Have you been considering scrapbooking but are not sure where to start? Our aim at easy scrapbooking ideas is to get you started with what I am sure will become a hobby you will grow to love.
Do you perhaps have years of photos and memorabilia in a box and don’t know where to start? Do you feel overwhelmed with albums full of pictures with no stories attached?
Do you want to get pictures out of boxes and into a format that you and your family can enjoy for years to come? Sure you do, or you wouldn’t be reading this article.
So, the question is, where to start? How do you scrapbook without feeling overwhelmed? How do you get books done quickly so that you don’t spend the next 10 years scrapbooking all those pictures and never get to the ‘current’ stuff?
How do you manage the current stuff without loosing the memories of the older stuff? Here is how you can put your first scrapbook together.
Step by Step Instructions for Your First Scrapbook – Easy Scrapbooking Ideas You Can Use!
Step 1: Select Your Pictures
Select one section to work on at a time. Spread all the pictures out so you can see what you have. Arrange your photos in groups according to activity within the subject, similar background, persons in the photos, etc.
This will help you narrow down your photos to the best ones that will tell the story you wish to share. If you have a lot of pictures for a topic, spread them out on the floor. Group them by similar background or activity. Select only the best possible pictures for your layouts. You don’t have to use every single picture. It’s hard to believe, but it’s true. Pictures that are of poor quality really aren’t worth scrapbooking.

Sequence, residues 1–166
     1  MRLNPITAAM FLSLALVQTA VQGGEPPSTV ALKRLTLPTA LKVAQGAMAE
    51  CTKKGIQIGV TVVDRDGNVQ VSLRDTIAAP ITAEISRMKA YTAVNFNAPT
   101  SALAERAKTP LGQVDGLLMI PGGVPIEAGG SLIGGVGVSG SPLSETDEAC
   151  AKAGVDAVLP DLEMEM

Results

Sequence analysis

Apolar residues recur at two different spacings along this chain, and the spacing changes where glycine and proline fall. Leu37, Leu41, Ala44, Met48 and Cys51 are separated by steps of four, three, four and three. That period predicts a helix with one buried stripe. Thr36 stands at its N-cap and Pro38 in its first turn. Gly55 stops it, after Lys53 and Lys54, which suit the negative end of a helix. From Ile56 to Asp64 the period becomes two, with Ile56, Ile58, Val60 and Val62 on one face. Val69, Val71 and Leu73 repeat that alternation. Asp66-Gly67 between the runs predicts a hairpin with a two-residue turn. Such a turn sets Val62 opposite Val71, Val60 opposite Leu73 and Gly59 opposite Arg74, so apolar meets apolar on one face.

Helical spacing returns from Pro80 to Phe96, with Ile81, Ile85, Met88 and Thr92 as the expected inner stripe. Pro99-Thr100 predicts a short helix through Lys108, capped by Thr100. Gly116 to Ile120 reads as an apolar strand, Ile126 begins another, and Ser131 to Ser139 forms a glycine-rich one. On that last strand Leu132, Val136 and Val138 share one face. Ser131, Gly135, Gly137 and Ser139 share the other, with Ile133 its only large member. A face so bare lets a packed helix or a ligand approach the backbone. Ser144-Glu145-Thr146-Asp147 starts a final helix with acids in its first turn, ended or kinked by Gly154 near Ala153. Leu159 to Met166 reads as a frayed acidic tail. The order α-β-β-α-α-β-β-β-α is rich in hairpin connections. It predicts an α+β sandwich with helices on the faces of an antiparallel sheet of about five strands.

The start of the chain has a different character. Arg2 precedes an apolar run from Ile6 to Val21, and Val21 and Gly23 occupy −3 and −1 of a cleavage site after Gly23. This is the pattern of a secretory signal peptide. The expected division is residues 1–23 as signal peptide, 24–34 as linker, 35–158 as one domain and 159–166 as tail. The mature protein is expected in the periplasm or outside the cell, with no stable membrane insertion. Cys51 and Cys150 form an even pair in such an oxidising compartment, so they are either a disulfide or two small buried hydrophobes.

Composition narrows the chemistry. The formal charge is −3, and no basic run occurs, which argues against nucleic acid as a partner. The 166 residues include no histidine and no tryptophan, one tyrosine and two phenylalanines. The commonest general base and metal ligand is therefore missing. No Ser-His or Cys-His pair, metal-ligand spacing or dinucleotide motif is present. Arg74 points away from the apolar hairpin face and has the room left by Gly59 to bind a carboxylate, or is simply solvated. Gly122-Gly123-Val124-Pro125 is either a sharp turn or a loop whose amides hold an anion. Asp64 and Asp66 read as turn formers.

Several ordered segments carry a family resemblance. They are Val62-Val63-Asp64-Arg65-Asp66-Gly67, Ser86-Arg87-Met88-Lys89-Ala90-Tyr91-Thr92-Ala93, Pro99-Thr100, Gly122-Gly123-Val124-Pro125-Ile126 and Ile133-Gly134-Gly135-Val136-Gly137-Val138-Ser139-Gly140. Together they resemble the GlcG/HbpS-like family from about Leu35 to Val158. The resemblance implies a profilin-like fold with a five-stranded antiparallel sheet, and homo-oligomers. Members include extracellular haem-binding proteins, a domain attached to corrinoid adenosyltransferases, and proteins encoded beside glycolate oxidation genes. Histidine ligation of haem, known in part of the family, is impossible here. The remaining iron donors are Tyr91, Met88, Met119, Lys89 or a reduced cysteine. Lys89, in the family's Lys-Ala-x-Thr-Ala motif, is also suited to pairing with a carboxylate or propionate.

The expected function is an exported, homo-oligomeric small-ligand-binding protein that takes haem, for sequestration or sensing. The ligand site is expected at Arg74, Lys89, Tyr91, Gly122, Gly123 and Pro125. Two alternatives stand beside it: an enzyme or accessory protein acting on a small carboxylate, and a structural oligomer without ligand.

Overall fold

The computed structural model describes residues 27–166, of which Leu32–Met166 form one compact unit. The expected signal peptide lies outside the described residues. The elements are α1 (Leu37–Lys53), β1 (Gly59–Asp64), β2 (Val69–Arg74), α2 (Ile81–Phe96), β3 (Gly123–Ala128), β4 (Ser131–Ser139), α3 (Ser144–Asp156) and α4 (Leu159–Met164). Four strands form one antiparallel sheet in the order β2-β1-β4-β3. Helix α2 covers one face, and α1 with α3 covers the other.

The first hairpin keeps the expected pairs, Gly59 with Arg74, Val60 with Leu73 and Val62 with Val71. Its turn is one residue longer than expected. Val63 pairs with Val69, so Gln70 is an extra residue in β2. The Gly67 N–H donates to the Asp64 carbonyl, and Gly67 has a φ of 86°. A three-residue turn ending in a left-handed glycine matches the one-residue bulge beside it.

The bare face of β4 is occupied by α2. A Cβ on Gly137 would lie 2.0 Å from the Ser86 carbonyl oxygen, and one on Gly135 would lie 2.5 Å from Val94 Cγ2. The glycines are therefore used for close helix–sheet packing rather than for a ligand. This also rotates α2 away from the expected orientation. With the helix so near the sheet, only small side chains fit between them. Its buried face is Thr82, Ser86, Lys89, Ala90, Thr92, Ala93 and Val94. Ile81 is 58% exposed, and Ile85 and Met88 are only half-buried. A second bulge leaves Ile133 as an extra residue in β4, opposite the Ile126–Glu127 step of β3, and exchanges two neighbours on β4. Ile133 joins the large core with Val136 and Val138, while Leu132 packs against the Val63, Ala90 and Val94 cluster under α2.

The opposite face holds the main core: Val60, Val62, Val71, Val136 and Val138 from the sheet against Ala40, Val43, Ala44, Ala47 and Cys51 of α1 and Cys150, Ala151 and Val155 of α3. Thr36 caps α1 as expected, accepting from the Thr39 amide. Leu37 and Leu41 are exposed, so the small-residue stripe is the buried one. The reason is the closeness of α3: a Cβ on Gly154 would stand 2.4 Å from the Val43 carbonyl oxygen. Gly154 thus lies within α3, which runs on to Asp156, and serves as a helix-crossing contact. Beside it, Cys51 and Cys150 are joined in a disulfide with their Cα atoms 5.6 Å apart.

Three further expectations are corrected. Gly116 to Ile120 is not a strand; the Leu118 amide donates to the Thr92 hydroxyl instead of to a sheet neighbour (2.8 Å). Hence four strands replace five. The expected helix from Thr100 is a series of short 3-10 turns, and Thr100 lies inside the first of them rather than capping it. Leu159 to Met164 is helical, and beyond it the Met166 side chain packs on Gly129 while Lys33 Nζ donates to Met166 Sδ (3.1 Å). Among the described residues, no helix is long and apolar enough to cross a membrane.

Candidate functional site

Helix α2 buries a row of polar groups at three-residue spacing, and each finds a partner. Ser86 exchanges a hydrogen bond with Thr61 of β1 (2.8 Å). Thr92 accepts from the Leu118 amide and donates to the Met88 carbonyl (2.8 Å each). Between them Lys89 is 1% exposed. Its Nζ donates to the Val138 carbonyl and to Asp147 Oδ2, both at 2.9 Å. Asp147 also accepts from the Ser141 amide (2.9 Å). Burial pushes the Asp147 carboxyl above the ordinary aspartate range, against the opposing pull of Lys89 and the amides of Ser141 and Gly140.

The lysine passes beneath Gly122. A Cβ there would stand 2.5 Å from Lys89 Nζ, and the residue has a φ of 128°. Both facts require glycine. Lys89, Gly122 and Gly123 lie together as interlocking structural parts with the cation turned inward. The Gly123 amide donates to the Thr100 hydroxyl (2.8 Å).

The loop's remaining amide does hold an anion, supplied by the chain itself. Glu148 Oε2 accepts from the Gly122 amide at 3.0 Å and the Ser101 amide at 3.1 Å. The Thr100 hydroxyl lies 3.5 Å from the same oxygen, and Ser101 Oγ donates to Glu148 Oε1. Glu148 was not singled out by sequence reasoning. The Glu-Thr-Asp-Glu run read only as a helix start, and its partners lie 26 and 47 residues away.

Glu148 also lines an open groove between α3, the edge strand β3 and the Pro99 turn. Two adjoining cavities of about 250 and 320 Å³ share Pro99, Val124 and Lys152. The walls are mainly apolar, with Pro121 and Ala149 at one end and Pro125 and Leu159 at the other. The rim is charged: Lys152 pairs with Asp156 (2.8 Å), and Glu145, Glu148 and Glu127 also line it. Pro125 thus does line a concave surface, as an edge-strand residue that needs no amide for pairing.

Step 2: Gather Memorabilia
In addition to selecting pictures, now is the time to find the memorabilia you might want to include on the pages. These include brochures from the trip you’re going to feature. Perhaps you have a certificate of achievement for your child’s science project.
Other items that come to mind are diplomas, athletic event ribbons, flat trinkets, recipes, handwritten notes, valentines, filled in calendars, growth charts, marriage certificates, or locks of hair. The possibilities are really endless, but you want to think flat. If something is bulky, take a picture of it rather than try to fit it into the scrapbook.
Step 3: Write About The Pictures
At this stage, I don’t expect you to write a perfect journal block on the best paper in the exact size you need. What I mean is take some notes about your chosen pictures on scrap paper placed with your photo groups, in a notebook, or a file on your computer.
You could even voice record your memories with some really cool gadgets and apps on your phone or computer. The point isn’t how you record your notes. The point is that you record them.
Step 4: Pick Layouts
This is probably the best and most frustrating part of scrapbooking. You feel awesome because you know what pictures (and their sizes) you’re going to use. You have found your memorabilia and have a few notes about the story you want to share.
Now you can pull out your template files (sketches you’ve made, templates torn from magazines, or layout resource books). Templates are amazing and you should use them as often as possible. So, grab your sketches and your layout items and start looking.